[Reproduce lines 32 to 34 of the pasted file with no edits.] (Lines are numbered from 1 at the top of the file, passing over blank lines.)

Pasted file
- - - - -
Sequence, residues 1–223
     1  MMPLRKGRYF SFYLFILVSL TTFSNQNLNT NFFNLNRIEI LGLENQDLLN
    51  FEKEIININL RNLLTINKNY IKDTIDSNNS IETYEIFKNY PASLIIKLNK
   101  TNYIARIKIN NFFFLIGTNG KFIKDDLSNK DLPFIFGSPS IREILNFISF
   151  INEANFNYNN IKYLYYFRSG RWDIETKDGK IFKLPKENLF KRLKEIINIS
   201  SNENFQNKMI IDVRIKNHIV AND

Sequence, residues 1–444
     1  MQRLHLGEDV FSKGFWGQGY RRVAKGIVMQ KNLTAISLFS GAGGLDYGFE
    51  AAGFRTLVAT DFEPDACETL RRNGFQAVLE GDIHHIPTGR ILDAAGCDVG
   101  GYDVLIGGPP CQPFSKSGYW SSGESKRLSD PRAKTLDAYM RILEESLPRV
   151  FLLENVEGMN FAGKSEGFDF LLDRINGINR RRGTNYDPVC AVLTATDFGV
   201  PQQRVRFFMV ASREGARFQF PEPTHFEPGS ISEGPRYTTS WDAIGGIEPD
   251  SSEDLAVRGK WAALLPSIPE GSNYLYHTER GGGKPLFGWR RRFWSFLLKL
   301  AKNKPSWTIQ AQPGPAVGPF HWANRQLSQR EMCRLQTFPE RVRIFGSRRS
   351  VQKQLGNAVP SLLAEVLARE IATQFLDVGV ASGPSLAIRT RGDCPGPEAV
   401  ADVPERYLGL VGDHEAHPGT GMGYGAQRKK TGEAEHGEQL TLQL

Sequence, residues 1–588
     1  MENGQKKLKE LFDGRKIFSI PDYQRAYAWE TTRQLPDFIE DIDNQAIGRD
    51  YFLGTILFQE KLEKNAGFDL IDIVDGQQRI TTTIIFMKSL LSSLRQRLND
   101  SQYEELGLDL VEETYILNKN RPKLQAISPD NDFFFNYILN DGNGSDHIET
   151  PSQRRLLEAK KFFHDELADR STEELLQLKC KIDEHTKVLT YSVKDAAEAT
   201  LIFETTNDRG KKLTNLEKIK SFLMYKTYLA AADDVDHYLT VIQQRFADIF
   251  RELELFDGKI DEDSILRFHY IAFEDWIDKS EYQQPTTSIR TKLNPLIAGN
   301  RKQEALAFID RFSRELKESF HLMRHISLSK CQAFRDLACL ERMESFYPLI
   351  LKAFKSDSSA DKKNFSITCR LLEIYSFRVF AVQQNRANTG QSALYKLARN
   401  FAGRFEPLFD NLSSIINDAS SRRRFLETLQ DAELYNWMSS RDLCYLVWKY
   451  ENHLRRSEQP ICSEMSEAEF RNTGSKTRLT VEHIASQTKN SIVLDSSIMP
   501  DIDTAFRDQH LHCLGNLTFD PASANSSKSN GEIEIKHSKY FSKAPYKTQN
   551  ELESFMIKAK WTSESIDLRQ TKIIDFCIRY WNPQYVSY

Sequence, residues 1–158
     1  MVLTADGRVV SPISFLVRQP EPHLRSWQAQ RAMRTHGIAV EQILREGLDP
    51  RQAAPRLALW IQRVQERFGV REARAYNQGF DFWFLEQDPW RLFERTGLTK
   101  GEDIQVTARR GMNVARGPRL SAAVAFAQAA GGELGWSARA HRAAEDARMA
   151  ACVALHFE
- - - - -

    51  RQAAPRLALW IQRVQERFGV REARAYNQGF DFWFLEQDPW RLFERTGLTK
   101  GEDIQVTARR GMNVARGPRL SAAVAFAQAA GGELGWSARA HRAAEDARMA
   151  ACVALHFE